“It’s time for people to show their cards on where they stand on the project,” said David Lombino, a Two Trees spokesman, when asked if the company had sought support. “Neighborhood entities, this is when they would step forward and say what they think. It’s not an issue of encouraging them or not, it’s more, this is the time.”

The Workforce Development Center at St. Nicks Alliance has a long history with Two Trees, said program director Larry Rothchild. When their construction training program was launched in 2016, they sought community partners to provide hands-on training and help build the curriculum.

That partnership led to 90 people from the training program landing jobs at the Domino Sugar Refinery redevelopment, and more being hired at Domino Park as urban greenscapers.

Picture of people walking at the Domino Park promenade
More than 90 people from St. Nicks Workforce Development were hired to work at the Domino redevelopment. The organization is hoping for more temporary and permanent jobs at River Ring.Taylor Balkom

“When we started with Two Trees, they were paying much lower,” Rothchild said. “We really are trying to push for sustainable wages, living wage, and career growth. So we worked with Two Trees and they now start at $20 an hour.”

In the letter, the coalition asks for a promise of 100 construction jobs at $20 per hour, along with at least 100 permanent jobs once the site is finished. Those could be in maintenance once the buildings are done, Rothchild said, or in the retail shops that will populate parts of the development.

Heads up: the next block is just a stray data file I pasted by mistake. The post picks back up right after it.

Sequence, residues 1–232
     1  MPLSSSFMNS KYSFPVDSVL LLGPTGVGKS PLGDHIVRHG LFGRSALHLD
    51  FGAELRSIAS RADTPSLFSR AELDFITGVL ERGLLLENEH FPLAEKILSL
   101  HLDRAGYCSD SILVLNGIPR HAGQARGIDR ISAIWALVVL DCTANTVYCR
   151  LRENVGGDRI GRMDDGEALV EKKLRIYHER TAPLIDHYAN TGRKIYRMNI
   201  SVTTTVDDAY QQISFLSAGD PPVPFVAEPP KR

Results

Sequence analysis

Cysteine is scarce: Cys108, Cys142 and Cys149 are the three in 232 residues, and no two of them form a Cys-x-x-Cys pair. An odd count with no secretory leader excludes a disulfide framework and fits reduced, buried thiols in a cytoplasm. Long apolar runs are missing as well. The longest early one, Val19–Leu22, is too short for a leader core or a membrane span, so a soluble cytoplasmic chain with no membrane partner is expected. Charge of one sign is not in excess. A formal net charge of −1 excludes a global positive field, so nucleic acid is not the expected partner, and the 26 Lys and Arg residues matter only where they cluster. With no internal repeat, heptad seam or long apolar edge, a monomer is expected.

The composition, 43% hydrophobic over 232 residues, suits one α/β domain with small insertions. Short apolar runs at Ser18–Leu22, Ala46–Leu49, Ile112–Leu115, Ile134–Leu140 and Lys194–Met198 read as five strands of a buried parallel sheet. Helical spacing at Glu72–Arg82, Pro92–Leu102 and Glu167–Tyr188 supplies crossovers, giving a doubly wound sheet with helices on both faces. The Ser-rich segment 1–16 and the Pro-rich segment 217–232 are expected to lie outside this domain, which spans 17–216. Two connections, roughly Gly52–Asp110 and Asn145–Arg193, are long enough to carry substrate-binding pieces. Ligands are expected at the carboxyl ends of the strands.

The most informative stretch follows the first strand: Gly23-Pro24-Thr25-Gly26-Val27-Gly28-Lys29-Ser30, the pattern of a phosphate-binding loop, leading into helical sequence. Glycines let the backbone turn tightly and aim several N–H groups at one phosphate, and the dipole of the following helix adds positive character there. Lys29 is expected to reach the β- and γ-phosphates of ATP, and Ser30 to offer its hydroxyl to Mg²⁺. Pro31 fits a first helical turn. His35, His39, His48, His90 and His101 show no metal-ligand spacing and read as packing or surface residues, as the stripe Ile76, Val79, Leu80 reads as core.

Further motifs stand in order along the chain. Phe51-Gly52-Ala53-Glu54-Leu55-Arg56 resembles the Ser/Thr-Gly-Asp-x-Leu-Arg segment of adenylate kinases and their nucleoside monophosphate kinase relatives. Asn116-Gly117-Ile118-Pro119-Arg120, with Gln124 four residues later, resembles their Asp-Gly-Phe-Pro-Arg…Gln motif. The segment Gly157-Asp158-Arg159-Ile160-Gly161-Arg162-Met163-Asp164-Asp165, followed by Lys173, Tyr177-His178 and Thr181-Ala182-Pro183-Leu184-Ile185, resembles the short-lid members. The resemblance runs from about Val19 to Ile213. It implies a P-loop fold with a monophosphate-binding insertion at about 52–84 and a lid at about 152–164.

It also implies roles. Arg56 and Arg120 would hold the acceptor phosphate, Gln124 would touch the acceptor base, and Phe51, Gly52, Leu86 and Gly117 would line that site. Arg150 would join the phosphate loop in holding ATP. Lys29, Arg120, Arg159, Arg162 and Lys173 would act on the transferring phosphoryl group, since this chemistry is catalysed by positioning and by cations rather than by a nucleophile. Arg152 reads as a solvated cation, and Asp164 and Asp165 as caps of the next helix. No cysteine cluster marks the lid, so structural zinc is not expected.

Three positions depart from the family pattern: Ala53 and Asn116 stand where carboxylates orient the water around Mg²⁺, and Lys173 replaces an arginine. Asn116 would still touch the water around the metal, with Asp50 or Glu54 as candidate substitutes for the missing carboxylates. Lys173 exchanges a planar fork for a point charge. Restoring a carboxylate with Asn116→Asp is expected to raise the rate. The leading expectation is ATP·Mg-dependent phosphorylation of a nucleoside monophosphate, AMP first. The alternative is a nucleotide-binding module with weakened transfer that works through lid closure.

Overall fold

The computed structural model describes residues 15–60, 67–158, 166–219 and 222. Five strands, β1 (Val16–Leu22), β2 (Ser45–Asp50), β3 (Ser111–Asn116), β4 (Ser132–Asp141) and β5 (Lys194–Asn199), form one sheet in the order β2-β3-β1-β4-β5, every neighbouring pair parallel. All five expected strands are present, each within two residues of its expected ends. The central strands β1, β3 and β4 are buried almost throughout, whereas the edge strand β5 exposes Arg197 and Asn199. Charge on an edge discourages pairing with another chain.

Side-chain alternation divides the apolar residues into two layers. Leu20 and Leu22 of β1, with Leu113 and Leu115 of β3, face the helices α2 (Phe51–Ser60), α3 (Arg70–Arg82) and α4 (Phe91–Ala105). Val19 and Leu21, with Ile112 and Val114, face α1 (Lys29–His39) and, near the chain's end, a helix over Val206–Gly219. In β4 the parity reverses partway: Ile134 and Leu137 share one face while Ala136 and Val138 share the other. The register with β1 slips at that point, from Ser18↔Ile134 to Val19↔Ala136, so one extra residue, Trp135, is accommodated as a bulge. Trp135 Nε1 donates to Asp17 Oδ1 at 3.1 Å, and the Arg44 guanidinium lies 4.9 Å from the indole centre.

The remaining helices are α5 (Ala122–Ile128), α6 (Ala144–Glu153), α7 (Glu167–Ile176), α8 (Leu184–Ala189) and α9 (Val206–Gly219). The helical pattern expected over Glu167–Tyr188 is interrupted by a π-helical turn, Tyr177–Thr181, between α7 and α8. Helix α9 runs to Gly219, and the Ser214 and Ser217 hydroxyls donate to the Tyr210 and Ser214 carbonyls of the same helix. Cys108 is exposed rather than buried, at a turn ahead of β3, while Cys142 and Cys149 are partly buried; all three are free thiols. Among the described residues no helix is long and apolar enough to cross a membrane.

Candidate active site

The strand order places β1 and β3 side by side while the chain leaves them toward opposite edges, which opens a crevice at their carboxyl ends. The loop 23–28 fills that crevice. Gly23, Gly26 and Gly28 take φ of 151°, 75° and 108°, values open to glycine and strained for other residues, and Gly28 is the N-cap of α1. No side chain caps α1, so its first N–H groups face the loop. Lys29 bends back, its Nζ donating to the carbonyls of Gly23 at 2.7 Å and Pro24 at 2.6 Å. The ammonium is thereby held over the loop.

“There could be developers who come to us to advocate for them when they’re getting approval, but then they never follow through,” Rothschild said. “So I do think people should be aware that this is creating jobs and opportunity, and this is an employer that’s helping people stay in their communities.”

The coalition also asked for a significant increase in affordable housing available in the two buildings. Two Trees plans to include 263 affordable units, including 27 units available at 40 percent of the area median income, as part of Mandatory Inclusionary Housing. In the letter, the coalition asks that the company consider increasing the number of affordable apartments above 25 percent, with at least 20 percent priced for 40 percent AMI.

River Ring’s website notes that they are open to speaking with the community about increasing the number of affordable apartments.

As the coalition seeks to shape both the construction process and the permanent legacy of the development in the form of permanent jobs and affordable apartments, Carrión said it’s also important to ensure that the public park space is not only accessible to the entire community, but welcoming, especially for long-term residents dealing with gentrification.

“For these folks, they not only deal with the fact that rising rents have made a lot of their neighbors leave the area, but also whatever their cultural touchstones were in this neighborhood — where they went to shop for food, for clothing, where they went to the movies, where they hung out — all those places have closed down,” he said.

“A big thing for us is art for social change, but also remembering that art is a very powerful tool to signal to folks who they are, where they are, and if they belong. Whose neighborhood is it? If you have art up, if you’re having people perform music or dance, or what have you, we ask that those things speak to a wider universe.”